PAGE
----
00:58:44,800 --> 00:58:51,380
So this statement is fine for
people who understand what it
954
00:58:51,380 --> 00:58:55,700
says, but it's kind of
confusing otherwise.
955
00:58:55,700 --> 00:59:00,690
Still more tersely, people talk
about it as Sn over n
956
00:59:00,690 --> 00:59:04,790
goes to limit X bar with
probability 1.
957
00:59:04,790 --> 00:59:07,940
This is probably an even better
way to say it than this
958
00:59:07,940 --> 00:59:09,580
is because this is--
959
00:59:09,580 --> 00:59:12,580
I mean, this says that there's
something strange
960
00:59:12,580 --> 00:59:14,440
in the limit here.
961
00:59:14,440 --> 00:59:19,210
But I would suggest that you
write it this way until you
962
00:59:19,210 --> 00:59:20,720
get used to what it's saying.
963
00:59:20,720 --> 00:59:24,620
Because then, when you write it
this way, you realize that
964
00:59:24,620 --> 00:59:28,480
what you're talking about is
the limit over individual
965
00:59:28,480 --> 00:59:33,520
sample points rather than some
kind of more general limit.
966
00:59:33,520 --> 00:59:38,630
And convergence with probability
1 is always that
967
00:59:38,630 --> 00:59:42,420
sort of convergence.
968
00:59:42,420 --> 00:59:46,170
OK, this strong law and the
idea of convergence with
969
00:59:46,170 --> 00:59:49,240
probability 1 is really pretty
different from the other forms
970
00:59:49,240 --> 00:59:50,610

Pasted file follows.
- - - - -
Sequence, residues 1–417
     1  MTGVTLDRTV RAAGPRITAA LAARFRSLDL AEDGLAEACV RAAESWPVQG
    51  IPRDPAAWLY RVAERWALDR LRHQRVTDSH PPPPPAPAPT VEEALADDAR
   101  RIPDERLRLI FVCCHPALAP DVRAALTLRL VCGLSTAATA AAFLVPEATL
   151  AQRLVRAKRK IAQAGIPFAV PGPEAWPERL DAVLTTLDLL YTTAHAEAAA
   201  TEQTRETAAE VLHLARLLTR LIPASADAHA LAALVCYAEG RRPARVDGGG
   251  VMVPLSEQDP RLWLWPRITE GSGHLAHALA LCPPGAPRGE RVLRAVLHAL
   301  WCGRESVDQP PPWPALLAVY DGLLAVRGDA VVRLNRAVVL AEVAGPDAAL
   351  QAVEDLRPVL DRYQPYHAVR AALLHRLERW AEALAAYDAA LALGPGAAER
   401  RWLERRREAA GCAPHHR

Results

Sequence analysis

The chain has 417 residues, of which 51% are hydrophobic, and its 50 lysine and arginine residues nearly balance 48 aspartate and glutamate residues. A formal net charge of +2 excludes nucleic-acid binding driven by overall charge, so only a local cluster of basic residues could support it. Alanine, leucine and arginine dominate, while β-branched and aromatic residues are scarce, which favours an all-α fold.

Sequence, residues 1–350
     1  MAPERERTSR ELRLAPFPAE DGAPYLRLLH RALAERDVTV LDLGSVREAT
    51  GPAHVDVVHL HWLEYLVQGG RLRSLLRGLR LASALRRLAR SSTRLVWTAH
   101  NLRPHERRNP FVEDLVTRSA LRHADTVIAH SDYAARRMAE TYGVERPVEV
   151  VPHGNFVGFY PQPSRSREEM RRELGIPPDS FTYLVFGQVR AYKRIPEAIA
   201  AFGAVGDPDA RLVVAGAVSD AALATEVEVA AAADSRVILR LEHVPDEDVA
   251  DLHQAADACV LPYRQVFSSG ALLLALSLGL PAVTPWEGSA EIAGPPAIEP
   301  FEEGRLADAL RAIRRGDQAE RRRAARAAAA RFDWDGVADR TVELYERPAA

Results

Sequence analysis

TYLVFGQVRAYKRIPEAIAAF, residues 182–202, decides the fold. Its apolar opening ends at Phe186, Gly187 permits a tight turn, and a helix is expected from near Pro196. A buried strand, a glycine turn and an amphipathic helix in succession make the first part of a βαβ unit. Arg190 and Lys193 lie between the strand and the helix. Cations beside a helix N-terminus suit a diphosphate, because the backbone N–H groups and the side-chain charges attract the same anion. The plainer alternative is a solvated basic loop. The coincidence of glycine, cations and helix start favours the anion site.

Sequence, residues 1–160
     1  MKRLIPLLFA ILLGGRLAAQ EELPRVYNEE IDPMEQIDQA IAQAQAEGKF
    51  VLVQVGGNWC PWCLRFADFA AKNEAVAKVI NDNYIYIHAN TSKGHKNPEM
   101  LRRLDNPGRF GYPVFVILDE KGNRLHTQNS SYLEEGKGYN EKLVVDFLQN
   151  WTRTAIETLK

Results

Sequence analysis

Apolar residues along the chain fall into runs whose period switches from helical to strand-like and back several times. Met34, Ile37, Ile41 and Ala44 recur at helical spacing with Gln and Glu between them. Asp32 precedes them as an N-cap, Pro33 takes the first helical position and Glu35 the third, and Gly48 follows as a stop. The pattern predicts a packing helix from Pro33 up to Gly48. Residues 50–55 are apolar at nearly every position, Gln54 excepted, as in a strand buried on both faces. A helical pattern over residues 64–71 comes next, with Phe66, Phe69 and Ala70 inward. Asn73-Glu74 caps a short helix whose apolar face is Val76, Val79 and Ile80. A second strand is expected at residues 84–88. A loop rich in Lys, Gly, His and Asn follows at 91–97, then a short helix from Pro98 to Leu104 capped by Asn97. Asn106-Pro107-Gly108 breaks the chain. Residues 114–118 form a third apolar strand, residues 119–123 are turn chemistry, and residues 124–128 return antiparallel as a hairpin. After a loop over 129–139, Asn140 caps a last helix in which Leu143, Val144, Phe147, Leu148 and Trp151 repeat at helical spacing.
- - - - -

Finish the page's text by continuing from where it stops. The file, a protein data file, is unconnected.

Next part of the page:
of convergence.
971
00:59:50,610 --> 00:59:54,420
In the sense that it focuses
directly on sample paths.
972
00:59:54,420 --> 00:59:59,080
The other forms of convergence
focus on things like the
973
00:59:59,080 --> 01:00:02,900
sequence of expected values,
or where the sequence of
974
01:00:02,900 --> 01:00:06,980
probabilities, or sequences of
numbers, which are the things
975
01:00:06,980 --> 01:00:09,840
you're used to dealing with.
976
01:00:09,840 --> 01:00:15,820
Here you're dealing directly
with sample points, and it
977
01:00:15,820 --> 01:00:18,740
makes it more difficult to
talk about the rate of
978
01:00:18,740 --> 01:00:21,070
convergence as n approaches
infinity.
979
01:00:21,070 --> 01:00:24,180
You can't talk about the rate
of convergence here as n
980
01:00:24,180 --> 01:00:25,860
approaches infinity.
981
01:00:25,860 --> 01:00:28,720
If you have any n less than
infinity, if you're only
982
01:00:28,720 --> 01:00:34,280
looking at a finite sequence,
you have no way of saying
983
01:00:34,280 --> 01:00:38,210
whether any of the sample values
over that sequence are
984
01:00:38,210 --> 01:00:41,360
going to converge or whether
they're not going to converge,
985
01:00:41,360 --> 01:00:44,670
because you don't know what
the rest of them are.
986
01:00:44,670 --> 01:00:48,570
So talking about a rate of
convergence with respect to
987
01:00:48,570 --> 01:00:50,680
the strong law of large numbers
988
01:00:50,680 --> 01:00:53,270
doesn't make any sense.
989
01:00:53,270 --> 01:00:55,880
It's connected directly to
the standard notion of a
990
01:00:55,880 --> 01:01:00,640
convergence of a sequence of
numbers when you look at those
991
01:01:00,640 --> 01:01:04,690
numbers applied to
a sample path.
992
01:01:04,690 --> 01:01:07,900
This is what gives the strong
law of large numbers its
993
01:01:07,900 --> 01:01:13,920
power, the fact that it's
related to this standard idea
994
01:01:13,920 --> 01:01:14,690
of convergence.
995
01:01:14,690 --> 01:01:18,530
The standard idea of convergence
is what the whole
996
01:01:18,530 --> 01:01:22,310
theory of analysis
is built on.
997
01:01:22,310 --> 01:01:26,030
And there are some very powerful
things you can do
998
01:01:26,030 --> 01:01:27,030
with analysis.
999
01:01:27,030 --> 01:01:31,740
And it's because convergence is
defined the way that it is.
1000
01:01:31,740 --> 01:01:35,400
When we talk about the strong
law of large numbers, we are
1001
01:01:35,400 --> 01:01:39,170